Support Weak for Immunity Bid in Immigrant-Assault Case

PHILADELPHIA (CN) — Co-workers of a man who pleaded guilty to sexually assaulting a young detainee at an immigration family center could be on the hook themselves in a civil lawsuit. Wednesday morning, an attorney for the woman lobbied the Third Circuit to deny the staff qualified immunity.

(Photo via ACLU)

“There was a clearly established right to be free of sexual assault as a detainee,” said Sue Yeh, an associate at Charles River. “The defendants, specifically the Berks County defendants, are not entitled to qualified immunity.” 

Yeh represents a young Honduran mother identified in the court record as E.D. After entering the United States in May 2014, 19-year-old E.D. and her son spent one month at an immigration facility in Texas only to be transferred to an Immigration Family Center located in Leesport, Pennsylvania, that Berks County operates pursuant to a contract with U.S. Immigration and Customs Enforcement.

With a detainee population of just 90 women and children, the Berks County center is a small one, and E.D. said it quickly became apparent to staff there that caseworker Daniel Sharkey was giving her special attention.

Fearing that speaking out would get her deported, E.D. denied until fall 2014 that Sharkey was sexually assaulting her.

Though Sharkey initially claimed that the relationship was consensual, he pleaded guilty in 2016 to sexual assault and was sentenced to prison.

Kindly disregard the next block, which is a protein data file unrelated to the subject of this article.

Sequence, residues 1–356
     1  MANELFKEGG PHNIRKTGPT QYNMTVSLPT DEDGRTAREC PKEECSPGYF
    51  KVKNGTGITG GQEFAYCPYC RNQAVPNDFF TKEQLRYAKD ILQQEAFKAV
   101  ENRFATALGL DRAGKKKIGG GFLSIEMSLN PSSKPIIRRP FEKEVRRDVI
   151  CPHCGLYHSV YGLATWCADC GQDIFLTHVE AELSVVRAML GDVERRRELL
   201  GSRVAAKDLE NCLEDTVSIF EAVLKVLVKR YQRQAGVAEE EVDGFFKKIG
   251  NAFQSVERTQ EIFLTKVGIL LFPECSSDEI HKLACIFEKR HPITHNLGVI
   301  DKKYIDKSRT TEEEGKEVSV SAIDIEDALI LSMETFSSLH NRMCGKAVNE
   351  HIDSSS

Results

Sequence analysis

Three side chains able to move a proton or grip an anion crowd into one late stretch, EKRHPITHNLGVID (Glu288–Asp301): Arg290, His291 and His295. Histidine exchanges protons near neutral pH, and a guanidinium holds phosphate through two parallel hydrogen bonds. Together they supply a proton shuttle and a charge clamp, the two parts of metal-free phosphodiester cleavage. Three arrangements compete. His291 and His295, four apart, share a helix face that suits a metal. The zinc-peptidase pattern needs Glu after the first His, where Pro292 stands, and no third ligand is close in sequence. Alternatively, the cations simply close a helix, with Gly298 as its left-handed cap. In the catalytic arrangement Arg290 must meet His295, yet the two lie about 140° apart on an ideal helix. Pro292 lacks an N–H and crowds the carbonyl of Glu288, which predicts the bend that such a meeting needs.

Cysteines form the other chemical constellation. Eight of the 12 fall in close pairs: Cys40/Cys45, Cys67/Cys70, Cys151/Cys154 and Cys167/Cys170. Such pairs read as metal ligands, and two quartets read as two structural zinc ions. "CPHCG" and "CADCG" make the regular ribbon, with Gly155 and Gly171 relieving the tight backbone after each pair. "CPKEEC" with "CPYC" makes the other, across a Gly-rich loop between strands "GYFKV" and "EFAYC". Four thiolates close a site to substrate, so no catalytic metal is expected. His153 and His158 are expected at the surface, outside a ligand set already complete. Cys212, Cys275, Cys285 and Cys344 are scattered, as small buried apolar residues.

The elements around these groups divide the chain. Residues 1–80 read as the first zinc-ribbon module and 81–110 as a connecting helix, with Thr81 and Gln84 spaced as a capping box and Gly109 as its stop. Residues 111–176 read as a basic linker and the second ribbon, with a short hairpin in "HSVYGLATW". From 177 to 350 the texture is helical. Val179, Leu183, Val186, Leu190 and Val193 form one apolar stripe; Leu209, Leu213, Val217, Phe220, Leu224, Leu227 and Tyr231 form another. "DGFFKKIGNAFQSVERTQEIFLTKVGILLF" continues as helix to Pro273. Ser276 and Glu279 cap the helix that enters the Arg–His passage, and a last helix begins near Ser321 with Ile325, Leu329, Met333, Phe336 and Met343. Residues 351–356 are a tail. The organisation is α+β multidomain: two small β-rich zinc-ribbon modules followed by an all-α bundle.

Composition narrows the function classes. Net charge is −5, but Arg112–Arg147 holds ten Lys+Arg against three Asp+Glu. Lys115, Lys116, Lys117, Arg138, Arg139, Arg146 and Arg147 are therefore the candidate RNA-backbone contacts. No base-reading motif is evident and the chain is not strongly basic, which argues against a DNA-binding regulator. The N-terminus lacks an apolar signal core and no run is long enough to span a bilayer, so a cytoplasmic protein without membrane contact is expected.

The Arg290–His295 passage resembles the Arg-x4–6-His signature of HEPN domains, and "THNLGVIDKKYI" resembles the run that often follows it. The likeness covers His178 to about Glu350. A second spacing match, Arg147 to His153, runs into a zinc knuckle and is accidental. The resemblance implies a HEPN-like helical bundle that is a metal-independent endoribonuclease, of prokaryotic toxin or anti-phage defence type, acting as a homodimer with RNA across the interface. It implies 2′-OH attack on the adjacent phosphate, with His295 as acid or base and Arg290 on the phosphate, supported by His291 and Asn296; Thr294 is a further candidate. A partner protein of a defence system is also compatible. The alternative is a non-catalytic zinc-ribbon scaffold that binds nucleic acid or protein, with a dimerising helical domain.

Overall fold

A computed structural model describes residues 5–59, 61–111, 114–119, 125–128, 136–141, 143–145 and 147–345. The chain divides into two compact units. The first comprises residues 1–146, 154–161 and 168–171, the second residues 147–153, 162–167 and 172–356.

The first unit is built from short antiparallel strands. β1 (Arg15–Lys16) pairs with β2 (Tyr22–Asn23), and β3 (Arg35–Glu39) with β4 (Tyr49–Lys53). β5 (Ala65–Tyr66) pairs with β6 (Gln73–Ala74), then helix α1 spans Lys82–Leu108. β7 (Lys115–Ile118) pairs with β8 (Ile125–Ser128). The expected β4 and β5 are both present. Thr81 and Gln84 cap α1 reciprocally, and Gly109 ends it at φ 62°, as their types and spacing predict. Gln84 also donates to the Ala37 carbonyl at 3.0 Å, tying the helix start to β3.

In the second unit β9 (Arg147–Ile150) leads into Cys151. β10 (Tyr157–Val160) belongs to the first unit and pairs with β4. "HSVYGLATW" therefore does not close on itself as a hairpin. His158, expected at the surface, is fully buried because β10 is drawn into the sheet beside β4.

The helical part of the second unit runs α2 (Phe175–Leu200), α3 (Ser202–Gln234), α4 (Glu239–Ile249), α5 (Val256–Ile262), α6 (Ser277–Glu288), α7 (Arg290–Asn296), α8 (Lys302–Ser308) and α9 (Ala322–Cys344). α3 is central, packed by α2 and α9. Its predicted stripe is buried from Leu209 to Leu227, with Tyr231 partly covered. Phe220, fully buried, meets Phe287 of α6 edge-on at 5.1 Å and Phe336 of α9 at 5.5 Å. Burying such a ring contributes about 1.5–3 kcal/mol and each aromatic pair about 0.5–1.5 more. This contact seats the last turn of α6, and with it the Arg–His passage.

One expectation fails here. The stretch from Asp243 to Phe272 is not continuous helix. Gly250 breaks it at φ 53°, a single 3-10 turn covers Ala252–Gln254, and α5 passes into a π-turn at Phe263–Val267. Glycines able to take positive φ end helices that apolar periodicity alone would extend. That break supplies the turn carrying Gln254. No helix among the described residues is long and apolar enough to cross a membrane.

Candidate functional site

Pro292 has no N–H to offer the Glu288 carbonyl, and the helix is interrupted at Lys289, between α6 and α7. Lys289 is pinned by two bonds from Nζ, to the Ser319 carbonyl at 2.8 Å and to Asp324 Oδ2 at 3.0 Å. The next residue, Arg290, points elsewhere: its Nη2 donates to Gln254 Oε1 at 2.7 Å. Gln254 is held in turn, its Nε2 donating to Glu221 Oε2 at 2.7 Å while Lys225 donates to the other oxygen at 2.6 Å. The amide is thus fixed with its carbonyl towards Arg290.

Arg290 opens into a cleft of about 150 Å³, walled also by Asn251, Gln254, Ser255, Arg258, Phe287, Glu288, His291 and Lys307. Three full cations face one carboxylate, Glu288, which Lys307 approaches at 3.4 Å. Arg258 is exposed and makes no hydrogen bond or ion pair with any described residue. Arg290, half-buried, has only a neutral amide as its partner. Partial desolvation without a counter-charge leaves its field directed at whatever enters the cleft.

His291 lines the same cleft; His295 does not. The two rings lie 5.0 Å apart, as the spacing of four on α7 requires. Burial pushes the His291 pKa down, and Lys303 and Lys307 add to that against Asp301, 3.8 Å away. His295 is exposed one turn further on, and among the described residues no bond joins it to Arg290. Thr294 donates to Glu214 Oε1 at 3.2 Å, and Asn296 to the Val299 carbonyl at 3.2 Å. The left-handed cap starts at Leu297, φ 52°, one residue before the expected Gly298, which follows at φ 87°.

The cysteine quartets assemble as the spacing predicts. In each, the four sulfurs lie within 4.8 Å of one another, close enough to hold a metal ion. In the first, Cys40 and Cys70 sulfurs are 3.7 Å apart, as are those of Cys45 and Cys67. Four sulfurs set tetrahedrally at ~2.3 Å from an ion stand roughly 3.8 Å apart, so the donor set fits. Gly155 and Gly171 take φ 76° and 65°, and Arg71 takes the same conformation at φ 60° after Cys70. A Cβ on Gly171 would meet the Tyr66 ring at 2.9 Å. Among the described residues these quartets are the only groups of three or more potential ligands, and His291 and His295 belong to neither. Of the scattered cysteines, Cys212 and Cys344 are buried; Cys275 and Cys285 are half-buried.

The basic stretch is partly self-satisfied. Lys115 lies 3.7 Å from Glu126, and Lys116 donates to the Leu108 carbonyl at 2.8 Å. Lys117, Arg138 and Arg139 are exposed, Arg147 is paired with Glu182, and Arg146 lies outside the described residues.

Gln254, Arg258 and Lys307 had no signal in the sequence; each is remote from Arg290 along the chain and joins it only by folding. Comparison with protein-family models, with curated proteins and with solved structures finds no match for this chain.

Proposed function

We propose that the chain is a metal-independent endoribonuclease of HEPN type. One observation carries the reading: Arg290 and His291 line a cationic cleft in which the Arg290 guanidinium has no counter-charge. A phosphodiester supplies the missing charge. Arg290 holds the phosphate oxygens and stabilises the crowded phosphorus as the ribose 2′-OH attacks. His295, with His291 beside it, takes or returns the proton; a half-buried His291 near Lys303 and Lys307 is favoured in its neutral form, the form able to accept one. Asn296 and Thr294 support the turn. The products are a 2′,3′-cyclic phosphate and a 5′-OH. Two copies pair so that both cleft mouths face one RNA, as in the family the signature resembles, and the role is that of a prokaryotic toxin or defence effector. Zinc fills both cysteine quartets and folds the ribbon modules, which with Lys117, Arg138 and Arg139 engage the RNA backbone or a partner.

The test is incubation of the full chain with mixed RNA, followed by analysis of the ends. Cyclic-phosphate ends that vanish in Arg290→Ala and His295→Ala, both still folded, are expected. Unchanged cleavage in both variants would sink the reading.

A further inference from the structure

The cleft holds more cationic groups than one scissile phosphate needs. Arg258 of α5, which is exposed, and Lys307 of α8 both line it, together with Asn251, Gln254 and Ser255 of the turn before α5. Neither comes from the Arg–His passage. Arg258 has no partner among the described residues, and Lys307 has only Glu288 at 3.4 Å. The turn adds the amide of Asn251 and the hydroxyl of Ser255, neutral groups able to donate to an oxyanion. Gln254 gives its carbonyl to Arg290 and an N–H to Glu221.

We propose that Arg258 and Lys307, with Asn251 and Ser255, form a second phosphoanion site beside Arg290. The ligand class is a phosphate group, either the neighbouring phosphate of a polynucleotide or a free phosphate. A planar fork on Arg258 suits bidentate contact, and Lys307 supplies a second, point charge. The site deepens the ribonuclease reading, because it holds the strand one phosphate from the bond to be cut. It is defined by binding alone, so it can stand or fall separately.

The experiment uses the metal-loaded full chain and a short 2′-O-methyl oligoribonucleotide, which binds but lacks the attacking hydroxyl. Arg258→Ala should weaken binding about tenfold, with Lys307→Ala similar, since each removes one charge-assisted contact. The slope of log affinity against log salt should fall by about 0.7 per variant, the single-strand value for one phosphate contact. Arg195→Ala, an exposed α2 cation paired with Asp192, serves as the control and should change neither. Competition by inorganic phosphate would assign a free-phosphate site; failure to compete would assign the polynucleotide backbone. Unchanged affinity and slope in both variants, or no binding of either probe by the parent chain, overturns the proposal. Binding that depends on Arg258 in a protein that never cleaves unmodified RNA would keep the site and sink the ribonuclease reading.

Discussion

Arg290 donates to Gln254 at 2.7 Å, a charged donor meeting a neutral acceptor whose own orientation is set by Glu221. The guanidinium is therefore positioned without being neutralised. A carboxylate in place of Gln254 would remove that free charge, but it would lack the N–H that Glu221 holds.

Sharkey’s former co-workers are appealing to the Third Circuit now after a federal denied them immunity in E.D.’s civil suit.

Arguing before a three-judge panel in Philadelphia this morning, Yeh noted that the staff cannot claim ignorance amid evidence that they joked about E.D. being Sharkey’s girlfriend.

“The evidence shows that all of the individual defendants were on the same shift as Mr. Sharkey,” Yeh said.

“I think that there was enough circumstantial evidence to infer that they did in fact know,” she added.

U.S. Circuit Judge Thomas Ambro noted at the hearing, however, that this inference may not be enough.

“It’s not a question of joking being in and of itself a problem,” Ambro said. “It’s did they know? Did they ignore?” 

Matthew Connell, an attorney for the staffers at MacMain Law, said that there was no evidence of such awareness.

“You must look at the facts, not the allegations in the complaint,” Connell said.

Connell pointed specifically a footnote in a 2017 ruling where U.S. District Judge Edward Smith referred to “disputed facts,” without explaining which facts were in dispute. 

“How can we establish what the clearly established right is if he doesn’t identify the facts,” Connell asked.

Ambro seemed skeptical of the argument.

“What you’re arguing is there’s no clearly established constitutional right to protect [a detainee] from someone acting as a sexual predator in this kind of environment?” Ambro said. “That’s a toughie.” 

U.S. Circuit Judge Felipe Restrepo noted at the hearing as well that the Pennsylvania Constitution legally prevents case workers like Sharkey from having sex with inmates. 

Chief U.S. Circuit Judge D. Brooks Smith rounded out Wednesday’s panel. 

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